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Using digital to increase service capacity

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Get Connected share their experience of using digital technology to expand their services, reaching and supporting more of their beneficiaries than ever before.

Background

Get Connected is a free, confidential and multi-issue helpline service for young people under 25 who need help, but don’t know where to turn.

Our service is available 365 days a year to children and young people throughout the UK, over the phone, via web chat, email or our free app. Our website also includes a searchable directory of support services, plus aggregated information, advice and guidance on mental and emotional wellbeing from our trusted partners.

Our national helpline service is run by a small staff team, 100 volunteers and an online service. In 2014/15 we helped over 228,000 children and young people find the help they need, 203,000 of which were helped online.

The issues we faced

Demand for Get Connected’s services increased by 27% last year and our team of dedicated Volunteer Connectors helped 25,000 young people across our interactive channels (phone, email, SMS and web-chat). Managing this increase in demand is challenging and we identified the need to increase our Volunteer Connector team, however we were restricted by being based in London and needed technology and a new flexible volunteer model to enable our capacity to grow.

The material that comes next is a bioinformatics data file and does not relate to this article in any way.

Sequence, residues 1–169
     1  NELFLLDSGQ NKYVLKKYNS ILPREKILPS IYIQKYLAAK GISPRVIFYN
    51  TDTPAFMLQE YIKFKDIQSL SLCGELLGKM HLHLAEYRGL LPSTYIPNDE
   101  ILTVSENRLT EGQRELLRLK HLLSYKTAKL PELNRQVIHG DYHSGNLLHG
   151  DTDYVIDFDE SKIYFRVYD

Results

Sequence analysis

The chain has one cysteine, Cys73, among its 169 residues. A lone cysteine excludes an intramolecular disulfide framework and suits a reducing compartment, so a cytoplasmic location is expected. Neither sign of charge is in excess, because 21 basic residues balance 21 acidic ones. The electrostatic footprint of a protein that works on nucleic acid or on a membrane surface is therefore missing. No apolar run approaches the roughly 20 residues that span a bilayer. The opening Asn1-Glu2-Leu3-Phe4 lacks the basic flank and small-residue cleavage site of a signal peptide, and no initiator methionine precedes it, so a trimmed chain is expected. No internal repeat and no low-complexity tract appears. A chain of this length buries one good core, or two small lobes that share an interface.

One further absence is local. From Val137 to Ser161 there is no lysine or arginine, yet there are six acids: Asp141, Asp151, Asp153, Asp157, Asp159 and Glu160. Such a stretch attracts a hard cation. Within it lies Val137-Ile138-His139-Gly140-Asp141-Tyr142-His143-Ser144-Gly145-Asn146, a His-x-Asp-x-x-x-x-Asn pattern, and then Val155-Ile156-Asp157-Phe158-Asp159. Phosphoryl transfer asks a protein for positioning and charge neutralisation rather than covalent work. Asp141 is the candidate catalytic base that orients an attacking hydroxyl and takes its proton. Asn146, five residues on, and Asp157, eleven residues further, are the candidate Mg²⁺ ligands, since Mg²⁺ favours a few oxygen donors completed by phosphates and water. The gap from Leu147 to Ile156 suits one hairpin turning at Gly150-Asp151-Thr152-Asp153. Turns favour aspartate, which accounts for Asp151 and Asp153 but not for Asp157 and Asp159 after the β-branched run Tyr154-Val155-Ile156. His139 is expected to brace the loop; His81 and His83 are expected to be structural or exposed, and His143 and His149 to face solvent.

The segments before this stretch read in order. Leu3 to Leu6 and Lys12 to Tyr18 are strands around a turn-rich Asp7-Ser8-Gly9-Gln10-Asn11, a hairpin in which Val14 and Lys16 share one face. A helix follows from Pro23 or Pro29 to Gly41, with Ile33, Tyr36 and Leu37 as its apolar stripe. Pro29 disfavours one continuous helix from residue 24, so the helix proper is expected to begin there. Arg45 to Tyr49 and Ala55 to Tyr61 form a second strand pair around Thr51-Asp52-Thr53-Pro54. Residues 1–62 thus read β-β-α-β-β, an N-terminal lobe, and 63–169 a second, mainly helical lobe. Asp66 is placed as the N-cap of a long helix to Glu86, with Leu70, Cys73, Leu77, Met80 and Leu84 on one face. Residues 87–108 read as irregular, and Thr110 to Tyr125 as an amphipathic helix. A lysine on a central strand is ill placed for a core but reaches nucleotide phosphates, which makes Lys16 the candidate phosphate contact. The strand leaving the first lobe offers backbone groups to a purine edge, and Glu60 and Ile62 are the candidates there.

The actions we took

We began increasing the number of Connectors by introducing a team of remote Digital Connectors, who are able to help more young people in crisis, using digital technology. We are also able to provide opportunities for more flexible remote volunteering via our digital helpline technology, as well as diversifying our team of Connectors to include older people, those with mobility issues and people outside of London.

Positive outcomes

  • We are actively increasing our volunteer opportunities away from London and diversifying the type of volunteer.
  • 30 Digital Connectors have been trained since February 2015 and are actively helping young people every day of the week.
  • We have been able to increase the opening hours of our helpline by two hours every day.
  • Digital Technology including Skype, webinars and web-chats have been used to recruit, train and supervise the new digital connectors. This has led to helping more young people whilst reducing operational overhead costs.

Negative outcomes

We have found the severity of issues young people contact us with via web-chat have increased since April 2015, leading to longer web-chat sessions. This has meant our ability to help more young people has been slightly impacted.

Our volunteer recruitment and training programme has been adapted to support volunteers remotely. This has led to some delays with our ability to graduate volunteers quickly due to the levels of training required.

Lessons learnt

  • We have trained 30 new Volunteer Digital Connectors and will be recruiting over 65 by March 2015.
  • In 2015/16 we are on track to be able to help 33,000 children and young people across the UK via our webchat and email channels thanks to our team of Digital Connectors – an increase of 25%.
  • Local and national support services are benefitting from appropriate referrals.
  • Our new volunteer Digital Connectors are able to provide social action supporting young people from their location in a way that fits their lifestyle and other commitments, using digital technology.

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Page last edited Aug 14, 2017

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